1/2 t vanilla
1 t pumpkin pie spice or cinnamon
dash of nutmeg
1/4 cup orange juice
1 oz brandy
2 T butter

1) Melt butter in a skillet over medium heat.
2) Combine eggs, milk, vanilla, spices, orange juice and brandy in a pie pan, casserole dish, or other piece of bakeware convenient for soaking the bread.
3) Soak 2 pieces of bread at a time in the liquid.
4) Run your hand under water. Shake onto skillet. If it sizzles, your pan is ready.
5) Cook 2 pieces of toast at a time, flipping after a minute or two.
6) Serve with plenty of syrup. This toast goes well with Good Earth herbal tea.

Extra French toast can be frozen and reheated for a quick weekday breakfast.

Monday, November 22, 2010

Chocolate Pumpkin Muffins

Pumpkin AND chocolate? I'm in. These muffins are surprisingly light and fluffy, with a nice kick of pumpkin spice. The texture of the almonds is wonderful.

This would be a great Thanksgiving-breakfast meal!

I found this recipe on a bulletin board in the kitchen at work (where we do a lot of baking for the tots). No idea it's original source. I made a few alterations for maximum yumminess.

  • 1/2 cup almonds
  • 1 2/3 cups flour
  • 1 cup sugar
  • 1 T pumpkin pie spice
  • 1 t baking soda
  • 1/4 t baking powder
  • 1/4 t salt
  • 2 eggs
  • 1 cup pumpkin (half a one-pound can)
  • 1/4 cup yogurt or milk if needed - you can also use this if you have less than one cup of pumpkin
  • 1/2 cup butter (one stick), melted
  • 1 cup chocolate chips (these are sort-of optional if you want to make a less sugary version... but who makes chocolate optional?)

1) Chop almonds until pieces are fine.

2) Grease a muffin tin and preheat oven to 350.
3) Combine flour, sugar, spice, baking soda, baking powder, and salt, and whisk to blend. Set aside.
4) Combine pumpkin, eggs and butter (melted). Blend well.
5) Add almonds and chocolate chips to wet ingredients. Stir with spoon or spatula (do not use mixer).
6) Add dry ingredients and stir with spoon until mixed.
7) If the mixture is too dry, add a little yogurt or milk. Mixture will not be gloppy like pancake batter, but shouldn't stand in stiff peaks.
8) Spoon into muffins tins or a small cake pan. These muffins rise, so don't fill to the top. Optional: top with streusel.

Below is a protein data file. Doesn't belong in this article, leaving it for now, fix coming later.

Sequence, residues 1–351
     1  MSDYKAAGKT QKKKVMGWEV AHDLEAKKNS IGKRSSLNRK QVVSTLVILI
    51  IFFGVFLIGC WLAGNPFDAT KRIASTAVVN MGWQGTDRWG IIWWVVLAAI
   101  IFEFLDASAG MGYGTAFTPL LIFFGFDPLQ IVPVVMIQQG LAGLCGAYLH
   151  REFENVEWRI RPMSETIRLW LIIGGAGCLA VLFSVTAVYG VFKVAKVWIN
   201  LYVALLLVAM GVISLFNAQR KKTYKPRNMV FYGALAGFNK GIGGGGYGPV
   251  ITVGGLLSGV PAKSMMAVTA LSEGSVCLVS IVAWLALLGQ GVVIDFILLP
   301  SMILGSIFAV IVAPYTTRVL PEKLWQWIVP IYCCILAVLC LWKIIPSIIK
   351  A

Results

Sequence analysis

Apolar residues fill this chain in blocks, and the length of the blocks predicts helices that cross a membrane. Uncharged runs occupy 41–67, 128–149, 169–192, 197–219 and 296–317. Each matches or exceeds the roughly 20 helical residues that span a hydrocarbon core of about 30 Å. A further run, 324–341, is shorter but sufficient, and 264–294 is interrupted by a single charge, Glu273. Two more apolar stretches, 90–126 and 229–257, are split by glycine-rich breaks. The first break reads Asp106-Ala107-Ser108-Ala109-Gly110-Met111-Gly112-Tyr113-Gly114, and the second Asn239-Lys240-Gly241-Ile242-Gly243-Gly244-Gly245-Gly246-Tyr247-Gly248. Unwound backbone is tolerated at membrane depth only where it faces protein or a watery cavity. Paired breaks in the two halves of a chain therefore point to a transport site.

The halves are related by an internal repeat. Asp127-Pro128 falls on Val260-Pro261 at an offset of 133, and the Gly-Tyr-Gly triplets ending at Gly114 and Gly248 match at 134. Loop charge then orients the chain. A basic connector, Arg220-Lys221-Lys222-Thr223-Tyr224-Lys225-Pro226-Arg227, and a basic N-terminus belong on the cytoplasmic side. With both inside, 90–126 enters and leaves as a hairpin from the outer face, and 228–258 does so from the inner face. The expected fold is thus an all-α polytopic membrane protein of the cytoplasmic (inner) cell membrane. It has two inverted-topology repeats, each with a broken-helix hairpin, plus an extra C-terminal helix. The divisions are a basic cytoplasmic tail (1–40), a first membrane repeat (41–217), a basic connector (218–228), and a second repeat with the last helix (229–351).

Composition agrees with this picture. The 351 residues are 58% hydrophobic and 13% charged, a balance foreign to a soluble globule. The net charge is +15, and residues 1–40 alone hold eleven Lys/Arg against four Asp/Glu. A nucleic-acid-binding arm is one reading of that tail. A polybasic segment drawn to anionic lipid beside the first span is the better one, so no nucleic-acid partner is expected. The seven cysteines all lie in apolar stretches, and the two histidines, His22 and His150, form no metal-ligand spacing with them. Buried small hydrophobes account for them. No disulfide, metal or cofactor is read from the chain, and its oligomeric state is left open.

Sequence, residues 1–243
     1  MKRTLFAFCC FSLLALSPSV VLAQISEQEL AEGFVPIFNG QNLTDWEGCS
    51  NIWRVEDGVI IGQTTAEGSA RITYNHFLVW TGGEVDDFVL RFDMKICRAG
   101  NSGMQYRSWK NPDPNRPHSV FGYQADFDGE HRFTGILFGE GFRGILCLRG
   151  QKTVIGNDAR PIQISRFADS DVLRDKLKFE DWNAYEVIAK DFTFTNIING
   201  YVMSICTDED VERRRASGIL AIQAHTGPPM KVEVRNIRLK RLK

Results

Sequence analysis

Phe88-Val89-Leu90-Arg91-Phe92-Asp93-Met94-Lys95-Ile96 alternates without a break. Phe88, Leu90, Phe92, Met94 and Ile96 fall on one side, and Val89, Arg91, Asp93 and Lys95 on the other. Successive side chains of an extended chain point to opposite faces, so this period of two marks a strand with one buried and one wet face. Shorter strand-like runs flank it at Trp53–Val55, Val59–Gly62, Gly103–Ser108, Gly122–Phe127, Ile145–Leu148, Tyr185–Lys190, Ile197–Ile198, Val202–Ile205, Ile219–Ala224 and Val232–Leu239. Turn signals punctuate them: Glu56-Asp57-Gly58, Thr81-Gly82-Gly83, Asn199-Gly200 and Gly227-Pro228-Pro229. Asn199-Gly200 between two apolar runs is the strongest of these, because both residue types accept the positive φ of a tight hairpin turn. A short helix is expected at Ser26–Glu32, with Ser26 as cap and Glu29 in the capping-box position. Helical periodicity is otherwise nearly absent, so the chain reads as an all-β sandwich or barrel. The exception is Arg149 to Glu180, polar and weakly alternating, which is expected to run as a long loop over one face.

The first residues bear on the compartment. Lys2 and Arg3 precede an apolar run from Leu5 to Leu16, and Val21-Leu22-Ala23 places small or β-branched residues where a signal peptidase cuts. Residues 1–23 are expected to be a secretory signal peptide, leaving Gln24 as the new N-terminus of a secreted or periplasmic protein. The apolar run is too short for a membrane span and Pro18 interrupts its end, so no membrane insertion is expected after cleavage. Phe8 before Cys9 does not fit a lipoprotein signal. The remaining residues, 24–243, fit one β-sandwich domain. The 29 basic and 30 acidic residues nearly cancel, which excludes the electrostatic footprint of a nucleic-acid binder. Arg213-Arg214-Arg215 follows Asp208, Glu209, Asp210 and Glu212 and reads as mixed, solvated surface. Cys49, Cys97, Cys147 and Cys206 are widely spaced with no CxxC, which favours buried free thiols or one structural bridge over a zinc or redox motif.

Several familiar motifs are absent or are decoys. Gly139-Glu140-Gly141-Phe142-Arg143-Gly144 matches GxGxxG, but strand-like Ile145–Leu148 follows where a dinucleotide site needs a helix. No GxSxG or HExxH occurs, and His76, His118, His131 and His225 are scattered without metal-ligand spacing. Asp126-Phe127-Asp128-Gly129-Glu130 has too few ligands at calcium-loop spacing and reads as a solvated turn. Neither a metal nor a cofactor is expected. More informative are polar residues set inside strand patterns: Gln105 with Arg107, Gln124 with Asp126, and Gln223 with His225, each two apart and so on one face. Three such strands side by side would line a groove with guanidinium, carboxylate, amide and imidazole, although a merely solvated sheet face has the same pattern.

9) Bake for 20 - 25 minutes, or until a knife comes out clean.

These muffins are great with hot coffee or cold milk. They are especially tasty the next day!

Saturday, November 20, 2010

Mint Tea Leaves

Mint is one of those herbs that always goes rogue. It's nearly impossible to permanently remove from a garden because the roots are so pervasive. So if you're considering planting it, I suggest planting it in a pot to control spreading. Unless you WANT more mint than you know what to do with.

Once your mint has become the octomom of herbs, here's something you can do with it. Mint tea is a great tummy soother and a wonderful herbal alternative to a caffeinated morning beverage. To make your own tea leaves:

1) Harvest your mint sprigs. Wash thoroughly and let dry for several hours.

2) Put the washed and dried sprigs in an oven at 180 degrees Fahrenheit. It will dry without a loss of any oils or fragrance.  

Cooking times vary depending on the type of mint you are using. The mint shown, lemon mint, only took 25 minutes to completely dry into tea leaves. But heartier types of mint, such as spearmint or peppermint, will take longer. 

3) Remove the sprigs from the oven and strip the dried leaves from the branches.

4) Store the dry leaves in an airtight container in a cool, dry and dark area. Use a spoonful of crumbled leaves for each cup of tea with a strainer. You can also make your own teabags from muslin. These make a great gift!

    Friday, November 19, 2010

    Do Now: Make and Freeze Christmas Cookies

    You'll be glad you did when all you have to do is defrost and decorate them!

    • 1 cup unsalted butter, room temperature
    • 1 cup (packed) golden brown sugar
    • 1 large egg
    • 1 teaspoon vanilla extract
    • 2 2/3 cups all purpose flour
    • 1 teaspoon baking powder
    • 1/2 teaspoon salt
    • 1/2 teaspoon ground nutmeg

    Recipe is in so many locations no one knows where it originated: